An accessible, inviting title for brand new readers.

MICE ON ICE

From the I Like To Read series

The latest collaboration from the father-and-daughter team is nice indeed.

Beginning with its title, this very beginning reader employs a controlled, rhyming text to tell the story of mice who strap on ice skates and joyfully glide across the ice. Bright, colorful cut-paper and digital illustrations adopt a perspective that enables readers to see the increasingly intricate tracings left on the ice by the skates. Then, three successive pages read, “Someone is waiting. / What is this? / What is that?” and careful readers will see that the marks of the tracings have come together to look like the outline of a cat’s face. Rather inexplicably, the page turn then reveals a cat in full color, accompanied by the words, “That is a cat.” Ensuing pages show the cat merrily skating along with the mice, who don’t seem to be the least bit afraid. “The cat with a hat skates with mice on ice. / Nice!” read the concluding lines, putting a cheery, if not particularly exciting, end to the book.

An accessible, inviting title for brand new readers. (Picture book/early reader. 4-6)

Pub Date: Sept. 1, 2012

ISBN: 978-0-8234-2576-1

Page Count: 32

Publisher: Holiday House

Review Posted Online: Aug. 1, 2012

Kirkus Reviews Issue: Aug. 15, 2012

Did you like this book?

No Comments Yet

Sweet fare for bed- or naptimes, with a light frosting of natural history.

WOODLAND DREAMS

A sonorous, soporific invitation to join woodland creatures in bedding down for the night.

As in her Moon Babies, illustrated by Amy Hevron (2019), Jameson displays a rare gift for harmonious language and rhyme. She leads off with a bear: “Come home, Big Paws. / Berry picker / Honey trickster / Shadows deepen in the glen. / Lumber back inside your den.” Continuing in the same pattern, she urges a moose (“Velvet Nose”), a deer (“Tiny Hooves”), and a succession of ever smaller creatures to find their nooks and nests as twilight deepens in Boutavant’s woodsy, autumnal scenes and snow begins to drift down. Through each of those scenes quietly walks an alert White child (accompanied by an unusually self-controlled pooch), peering through branches or over rocks at the animals in the foregrounds and sketching them in a notebook. The observer’s turn comes round at last, as a bearded parent beckons: “This way, Small Boots. / Brave trailblazer / Bright stargazer / Cabin’s toasty. Blanket’s soft. / Snuggle deep in sleeping loft.” The animals go unnamed, leaving it to younger listeners to identify each one from the pictures…if they can do so before the verses’ murmurous tempo closes their eyes.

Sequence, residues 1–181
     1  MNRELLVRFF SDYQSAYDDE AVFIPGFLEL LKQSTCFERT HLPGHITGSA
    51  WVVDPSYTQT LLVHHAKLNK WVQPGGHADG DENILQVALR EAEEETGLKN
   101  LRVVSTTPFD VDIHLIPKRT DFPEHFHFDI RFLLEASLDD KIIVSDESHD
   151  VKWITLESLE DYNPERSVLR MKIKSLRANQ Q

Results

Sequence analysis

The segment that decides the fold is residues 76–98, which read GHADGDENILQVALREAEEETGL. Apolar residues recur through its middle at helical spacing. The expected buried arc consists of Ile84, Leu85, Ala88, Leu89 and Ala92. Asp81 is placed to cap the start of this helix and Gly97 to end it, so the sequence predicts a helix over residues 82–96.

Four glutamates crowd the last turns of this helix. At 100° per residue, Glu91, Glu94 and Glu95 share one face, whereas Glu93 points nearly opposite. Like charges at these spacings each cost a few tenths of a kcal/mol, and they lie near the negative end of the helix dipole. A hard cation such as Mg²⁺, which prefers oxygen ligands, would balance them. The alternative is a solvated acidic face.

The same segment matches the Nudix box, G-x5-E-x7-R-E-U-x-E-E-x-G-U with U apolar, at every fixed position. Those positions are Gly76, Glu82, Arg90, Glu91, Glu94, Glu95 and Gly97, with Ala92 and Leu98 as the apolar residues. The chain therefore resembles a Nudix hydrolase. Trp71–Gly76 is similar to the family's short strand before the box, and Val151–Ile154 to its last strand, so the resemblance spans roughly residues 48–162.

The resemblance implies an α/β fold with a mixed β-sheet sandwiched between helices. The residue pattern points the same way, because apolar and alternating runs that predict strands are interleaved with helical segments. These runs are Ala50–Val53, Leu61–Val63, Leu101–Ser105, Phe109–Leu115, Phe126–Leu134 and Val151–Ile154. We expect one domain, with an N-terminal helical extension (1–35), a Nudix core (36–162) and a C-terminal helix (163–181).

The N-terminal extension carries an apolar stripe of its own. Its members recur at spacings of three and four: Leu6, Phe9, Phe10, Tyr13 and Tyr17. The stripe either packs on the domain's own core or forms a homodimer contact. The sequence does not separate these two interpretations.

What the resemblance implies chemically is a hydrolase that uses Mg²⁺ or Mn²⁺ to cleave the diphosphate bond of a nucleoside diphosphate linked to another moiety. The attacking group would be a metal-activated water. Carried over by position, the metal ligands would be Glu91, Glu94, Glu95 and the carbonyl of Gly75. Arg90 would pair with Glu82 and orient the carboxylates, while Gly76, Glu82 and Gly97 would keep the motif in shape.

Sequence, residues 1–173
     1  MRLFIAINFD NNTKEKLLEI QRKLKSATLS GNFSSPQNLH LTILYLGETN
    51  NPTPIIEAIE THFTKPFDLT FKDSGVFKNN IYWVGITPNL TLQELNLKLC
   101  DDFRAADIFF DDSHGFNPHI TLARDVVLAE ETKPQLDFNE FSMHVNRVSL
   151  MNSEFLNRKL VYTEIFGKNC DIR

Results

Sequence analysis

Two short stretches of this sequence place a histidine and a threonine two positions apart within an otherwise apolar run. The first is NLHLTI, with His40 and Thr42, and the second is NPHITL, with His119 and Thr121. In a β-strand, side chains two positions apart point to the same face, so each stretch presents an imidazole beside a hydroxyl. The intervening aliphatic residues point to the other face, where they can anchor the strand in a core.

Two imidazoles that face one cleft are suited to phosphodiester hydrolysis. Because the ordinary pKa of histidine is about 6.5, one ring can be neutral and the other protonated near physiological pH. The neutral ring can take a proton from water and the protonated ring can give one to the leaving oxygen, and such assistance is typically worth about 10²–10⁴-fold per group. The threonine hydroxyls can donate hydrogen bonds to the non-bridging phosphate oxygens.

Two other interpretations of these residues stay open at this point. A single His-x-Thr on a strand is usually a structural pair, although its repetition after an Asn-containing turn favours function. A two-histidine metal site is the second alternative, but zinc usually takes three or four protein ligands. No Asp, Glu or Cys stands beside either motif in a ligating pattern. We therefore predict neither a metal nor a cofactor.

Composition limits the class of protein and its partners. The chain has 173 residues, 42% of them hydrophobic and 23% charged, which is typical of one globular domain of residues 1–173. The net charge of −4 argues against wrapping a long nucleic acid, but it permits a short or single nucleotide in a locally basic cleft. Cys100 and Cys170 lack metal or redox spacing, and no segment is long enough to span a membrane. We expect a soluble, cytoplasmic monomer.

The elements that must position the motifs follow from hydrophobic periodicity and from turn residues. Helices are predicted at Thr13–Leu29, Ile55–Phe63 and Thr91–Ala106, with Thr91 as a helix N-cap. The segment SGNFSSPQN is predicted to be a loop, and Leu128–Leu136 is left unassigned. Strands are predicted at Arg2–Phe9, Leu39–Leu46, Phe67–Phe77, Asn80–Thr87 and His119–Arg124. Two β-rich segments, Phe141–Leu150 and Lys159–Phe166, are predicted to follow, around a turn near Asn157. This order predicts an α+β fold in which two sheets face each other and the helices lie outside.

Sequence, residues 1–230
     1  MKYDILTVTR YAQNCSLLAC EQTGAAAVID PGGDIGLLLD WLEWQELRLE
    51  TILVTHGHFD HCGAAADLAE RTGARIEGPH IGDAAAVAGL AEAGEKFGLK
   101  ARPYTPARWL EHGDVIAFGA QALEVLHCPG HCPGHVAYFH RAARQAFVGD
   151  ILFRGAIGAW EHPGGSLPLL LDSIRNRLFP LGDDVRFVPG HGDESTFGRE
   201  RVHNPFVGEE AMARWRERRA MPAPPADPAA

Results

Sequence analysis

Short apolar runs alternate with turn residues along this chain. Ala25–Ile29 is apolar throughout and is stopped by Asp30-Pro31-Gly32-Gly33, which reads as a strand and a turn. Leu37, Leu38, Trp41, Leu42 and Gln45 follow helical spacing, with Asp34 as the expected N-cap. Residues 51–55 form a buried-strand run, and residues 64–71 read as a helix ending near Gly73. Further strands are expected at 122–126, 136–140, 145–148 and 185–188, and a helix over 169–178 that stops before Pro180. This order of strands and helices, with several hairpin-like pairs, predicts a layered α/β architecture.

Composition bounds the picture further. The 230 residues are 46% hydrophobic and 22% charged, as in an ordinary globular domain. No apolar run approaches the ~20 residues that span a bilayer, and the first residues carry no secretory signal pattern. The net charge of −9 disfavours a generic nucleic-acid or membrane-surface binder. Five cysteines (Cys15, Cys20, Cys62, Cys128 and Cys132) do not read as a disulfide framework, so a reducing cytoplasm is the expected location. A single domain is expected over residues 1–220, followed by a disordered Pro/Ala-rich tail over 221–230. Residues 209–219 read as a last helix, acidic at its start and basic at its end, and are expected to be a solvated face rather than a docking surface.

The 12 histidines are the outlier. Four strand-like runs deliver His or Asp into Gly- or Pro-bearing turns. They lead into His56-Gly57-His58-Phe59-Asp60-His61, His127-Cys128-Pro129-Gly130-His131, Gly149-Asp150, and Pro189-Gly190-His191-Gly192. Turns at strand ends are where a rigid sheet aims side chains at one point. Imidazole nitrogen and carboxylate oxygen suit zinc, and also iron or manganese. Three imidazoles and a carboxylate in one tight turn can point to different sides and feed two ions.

Sweet fare for bed- or naptimes, with a light frosting of natural history. (Picture book. 4-6)

Pub Date: Oct. 27, 2020

ISBN: 978-1-4521-7063-3

Page Count: 32

Publisher: Chronicle Books

Review Posted Online: Sept. 1, 2020

Kirkus Reviews Issue: Sept. 15, 2020

Did you like this book?

No Comments Yet

Too many bugs, figuratively.

LUCY'S LIGHT

Lucy, “the youngest member of a family of fireflies,” must overcome an irrational, moon-induced anxiety in order to leave her family tree trunk and glow.

The first six pages pull readers into a lush, beautiful world of nighttime: “When the sun has set, silence falls over the Big Forest, and all of the nighttime animals wake up.” Mixed media provide an enchanting forest background, with stylized flora and fauna eventually illuminated by a large, benign moon, because the night “doesn’t like to catch them by surprise.” Turning the page catches readers by surprise, though: the family of fireflies is decidedly comical and silly-looking. Similarly, the text moves from a lulling, magical cadence to a distinct shift in mood as the bugs ready themselves for their foray into the night: “They wave their bottoms in the air, wiggle their feelers, take a deep, deep breath, and sing, ‘Here we go, it’s time to glow!’ ” It’s an acceptable change, but more unevenness follows. Lucy’s excitement about finally joining the other bugs turns to “sobbing” two nights in a row. Instead of directly linking her behavior to understandable reactions of children to newness, the text undermines itself by making Lucy’s parents’ sweet reassurances impotent and using the grandmother’s scientific explanation of moonlight as an unnecessary metaphor. Further detracting from the story, the text becomes ever denser and more complex over the book’s short span.

Too many bugs, figuratively. (Picture book. 4-6)

Pub Date: Nov. 10, 2015

ISBN: 978-84-16147-00-7

Page Count: 32

Publisher: Cuento de Luz

Review Posted Online: July 22, 2015

Kirkus Reviews Issue: Aug. 15, 2015

Did you like this book?

No Comments Yet
more